Bupropion for Smoking Cessation: A Randomized Trial | Lifestyle Behaviors | JAMA Internal Medicine | JAMA Network
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Original Investigation
September 13, 2004

Bupropion for Smoking Cessation: A Randomized Trial

Author Affiliations

From the General Internal Medicine Section, Medical Service (Dr Simon and Ms Duncan) and Mental Health Service (Dr Carmody), San Francisco Veterans Affairs Medical Center, San Francisco, Calif; and the Departments of Medicine (Dr Simon), Epidemiology and Biostatistics (Drs Simon and Hudes), and Psychiatry (Ms Duncan and Dr Carmody), University of California, San Francisco. The authors have no relevant financial interest in this article.

Arch Intern Med. 2004;164(16):1797-1803. doi:10.1001/archinte.164.16.1797
Abstract

Background  Bupropion hydrochloride is recommended for smoking cessation; however, there have been relatively few clinical trials examining its efficacy.

Methods  A total of 244 current smokers were enrolled in an outpatient randomized blinded smoking cessation trial conducted at the San Francisco Veterans Affairs Medical Center, San Francisco, Calif. Of the 244 participants, 121 received a 7-week course of bupropion and 123 received placebo. All participants received 2 months of transdermal nicotine replacement therapy and 3 months of cognitive-behavioral counseling. We determined on-medication treatment, end-of-medication treatment, 3-month, 6-month, and 1-year quit rates.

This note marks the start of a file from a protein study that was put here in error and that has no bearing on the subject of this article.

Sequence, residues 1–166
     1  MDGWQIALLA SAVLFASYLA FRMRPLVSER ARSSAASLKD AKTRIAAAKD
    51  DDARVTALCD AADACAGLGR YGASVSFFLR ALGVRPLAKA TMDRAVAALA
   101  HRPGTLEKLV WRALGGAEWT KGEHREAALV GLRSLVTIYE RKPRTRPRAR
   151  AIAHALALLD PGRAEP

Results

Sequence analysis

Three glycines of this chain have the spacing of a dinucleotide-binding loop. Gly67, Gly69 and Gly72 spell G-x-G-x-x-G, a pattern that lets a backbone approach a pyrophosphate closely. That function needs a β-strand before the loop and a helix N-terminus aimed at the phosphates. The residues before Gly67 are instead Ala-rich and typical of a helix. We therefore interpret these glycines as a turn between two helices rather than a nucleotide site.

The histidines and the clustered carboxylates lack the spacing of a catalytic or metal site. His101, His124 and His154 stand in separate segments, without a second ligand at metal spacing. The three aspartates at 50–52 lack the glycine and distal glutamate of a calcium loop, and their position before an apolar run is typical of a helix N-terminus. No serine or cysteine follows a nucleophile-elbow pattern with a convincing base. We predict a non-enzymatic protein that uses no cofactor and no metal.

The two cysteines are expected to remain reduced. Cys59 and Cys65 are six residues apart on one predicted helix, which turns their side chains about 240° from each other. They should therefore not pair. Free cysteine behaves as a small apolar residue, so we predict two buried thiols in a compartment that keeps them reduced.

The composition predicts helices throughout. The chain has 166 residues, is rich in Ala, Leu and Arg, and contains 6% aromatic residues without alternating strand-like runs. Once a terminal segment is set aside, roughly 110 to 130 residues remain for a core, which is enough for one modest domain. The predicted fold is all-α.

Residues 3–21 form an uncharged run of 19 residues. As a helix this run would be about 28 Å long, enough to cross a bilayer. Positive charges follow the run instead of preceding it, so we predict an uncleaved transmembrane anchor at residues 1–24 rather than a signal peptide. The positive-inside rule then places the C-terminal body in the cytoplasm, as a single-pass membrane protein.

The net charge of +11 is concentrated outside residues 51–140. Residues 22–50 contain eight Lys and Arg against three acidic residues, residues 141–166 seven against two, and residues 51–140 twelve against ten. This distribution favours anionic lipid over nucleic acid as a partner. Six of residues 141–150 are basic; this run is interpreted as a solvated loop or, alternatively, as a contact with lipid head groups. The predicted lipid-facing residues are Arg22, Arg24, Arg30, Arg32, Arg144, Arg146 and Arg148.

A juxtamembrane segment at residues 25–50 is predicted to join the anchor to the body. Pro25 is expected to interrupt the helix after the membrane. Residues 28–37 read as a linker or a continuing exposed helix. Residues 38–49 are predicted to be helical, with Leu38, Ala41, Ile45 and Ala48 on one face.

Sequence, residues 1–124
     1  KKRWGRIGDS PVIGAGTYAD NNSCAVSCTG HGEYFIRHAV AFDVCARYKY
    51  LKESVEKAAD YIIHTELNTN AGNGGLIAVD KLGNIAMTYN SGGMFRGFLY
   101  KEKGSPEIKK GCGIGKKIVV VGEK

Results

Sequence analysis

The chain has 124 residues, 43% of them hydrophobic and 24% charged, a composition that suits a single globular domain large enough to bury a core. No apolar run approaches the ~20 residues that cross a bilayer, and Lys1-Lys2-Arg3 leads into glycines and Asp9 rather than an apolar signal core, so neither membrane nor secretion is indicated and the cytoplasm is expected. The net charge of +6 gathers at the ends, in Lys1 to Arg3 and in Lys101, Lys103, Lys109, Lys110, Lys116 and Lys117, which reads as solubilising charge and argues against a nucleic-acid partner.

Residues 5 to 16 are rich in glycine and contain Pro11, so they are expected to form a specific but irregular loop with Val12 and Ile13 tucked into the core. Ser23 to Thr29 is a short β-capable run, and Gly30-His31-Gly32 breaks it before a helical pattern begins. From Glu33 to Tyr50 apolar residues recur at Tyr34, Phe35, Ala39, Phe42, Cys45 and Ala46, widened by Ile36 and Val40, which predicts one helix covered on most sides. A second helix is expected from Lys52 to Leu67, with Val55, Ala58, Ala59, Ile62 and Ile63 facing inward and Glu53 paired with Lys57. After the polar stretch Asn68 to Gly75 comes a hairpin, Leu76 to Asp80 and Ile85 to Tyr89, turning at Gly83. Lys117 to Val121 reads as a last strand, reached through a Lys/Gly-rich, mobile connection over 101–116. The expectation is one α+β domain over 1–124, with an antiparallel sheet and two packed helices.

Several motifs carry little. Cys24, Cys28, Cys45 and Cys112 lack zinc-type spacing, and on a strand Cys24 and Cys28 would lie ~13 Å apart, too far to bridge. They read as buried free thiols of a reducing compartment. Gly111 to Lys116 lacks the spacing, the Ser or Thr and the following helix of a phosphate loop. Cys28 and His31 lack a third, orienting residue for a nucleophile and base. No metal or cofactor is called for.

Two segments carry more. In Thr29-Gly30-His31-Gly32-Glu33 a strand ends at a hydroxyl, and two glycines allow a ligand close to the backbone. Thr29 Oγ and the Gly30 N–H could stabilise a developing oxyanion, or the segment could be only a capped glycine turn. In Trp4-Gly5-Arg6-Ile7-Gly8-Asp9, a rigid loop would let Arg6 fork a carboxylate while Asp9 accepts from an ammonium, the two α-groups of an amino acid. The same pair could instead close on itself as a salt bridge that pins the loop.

Results  During treatment with bupropion vs placebo, there was a trend toward increased quit rates among participants randomized to bupropion; the self-reported end-of-medication treatment quit rates were 64% for the bupropion group vs 57% for the placebo group (P = .23). The trend favoring bupropion persisted at 3 months of follow-up (P = .12) but was not apparent at 6 months and 1 year of follow-up (both P>.78). The 12-month quit rates, validated by either saliva cotinine or spousal proxy, were 22% in the bupropion group and 28% in the placebo group (P = .31). Based on biochemical validation, 19% of the bupropion group vs 24% of the placebo group had quit smoking by 1 year (P = .36).

Conclusions  In this randomized blinded trial of mostly veteran participants, the addition of a brief 7-week bupropion trial to treatment with nicotine replacement therapy and counseling did not significantly increase smoking cessation rates.

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